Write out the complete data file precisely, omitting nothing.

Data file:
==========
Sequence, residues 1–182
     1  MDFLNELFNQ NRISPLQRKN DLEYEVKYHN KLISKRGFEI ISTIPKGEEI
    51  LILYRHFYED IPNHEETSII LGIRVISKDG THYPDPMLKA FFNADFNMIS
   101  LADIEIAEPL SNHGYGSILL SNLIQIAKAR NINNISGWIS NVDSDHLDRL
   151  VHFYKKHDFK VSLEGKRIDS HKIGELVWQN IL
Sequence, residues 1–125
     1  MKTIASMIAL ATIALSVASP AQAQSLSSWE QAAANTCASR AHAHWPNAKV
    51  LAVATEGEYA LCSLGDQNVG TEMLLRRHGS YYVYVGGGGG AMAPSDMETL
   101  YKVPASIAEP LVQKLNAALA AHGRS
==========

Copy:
Sequence, residues 1–182
     1  MDFLNELFNQ NRISPLQRKN DLEYEVKYHN KLISKRGFEI ISTIPKGEEI
    51  LILYRHFYED IPNHEETSII LGIRVISKDG THYPDPMLKA FFNADFNMIS
   101  LADIEIAEPL SNHGYGSILL SNLIQIAKAR NINNISGWIS NVDSDHLDRL
   151  VHFYKKHDFK VSLEGKRIDS HKIGELVWQN IL
Sequence, residues 1–125
     1  MKTIASMIAL ATIALSVASP AQAQSLSSWE QAAANTCASR AHAHWPNAKV
    51  LAVATEGEYA LCSLGDQNVG TEMLLRRHGS YYVYVGGGGG AMAPSDMETL
   101  YKVPASIAEP LVQKLNAALA AHGRS